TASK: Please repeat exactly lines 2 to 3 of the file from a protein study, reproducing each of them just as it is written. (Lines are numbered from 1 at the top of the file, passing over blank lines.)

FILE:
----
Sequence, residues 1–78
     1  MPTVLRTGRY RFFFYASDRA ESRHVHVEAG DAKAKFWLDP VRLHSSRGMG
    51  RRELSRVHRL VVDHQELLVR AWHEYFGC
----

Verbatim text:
     1  MPTVLRTGRY RFFFYASDRA ESRHVHVEAG DAKAKFWLDP VRLHSSRGMG
    51  RRELSRVHRL VVDHQELLVR AWHEYFGC